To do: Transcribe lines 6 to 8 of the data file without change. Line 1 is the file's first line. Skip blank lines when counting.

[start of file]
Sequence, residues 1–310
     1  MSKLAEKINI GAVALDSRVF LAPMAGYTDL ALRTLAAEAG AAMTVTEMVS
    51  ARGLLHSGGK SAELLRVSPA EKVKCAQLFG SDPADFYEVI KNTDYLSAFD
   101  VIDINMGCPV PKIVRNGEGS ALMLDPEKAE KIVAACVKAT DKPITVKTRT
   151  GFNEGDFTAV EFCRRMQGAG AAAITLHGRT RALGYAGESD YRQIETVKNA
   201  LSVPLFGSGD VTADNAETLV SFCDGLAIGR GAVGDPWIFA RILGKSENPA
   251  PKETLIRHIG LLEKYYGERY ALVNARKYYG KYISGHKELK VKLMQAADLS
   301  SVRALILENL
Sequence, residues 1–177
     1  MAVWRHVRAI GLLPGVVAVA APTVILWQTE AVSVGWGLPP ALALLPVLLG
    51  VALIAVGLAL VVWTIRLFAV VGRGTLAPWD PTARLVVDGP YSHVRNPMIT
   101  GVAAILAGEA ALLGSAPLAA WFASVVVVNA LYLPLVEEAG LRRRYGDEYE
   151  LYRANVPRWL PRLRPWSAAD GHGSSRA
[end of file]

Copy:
   201  LSVPLFGSGD VTADNAETLV SFCDGLAIGR GAVGDPWIFA RILGKSENPA
   251  PKETLIRHIG LLEKYYGERY ALVNARKYYG KYISGHKELK VKLMQAADLS
   301  SVRALILENL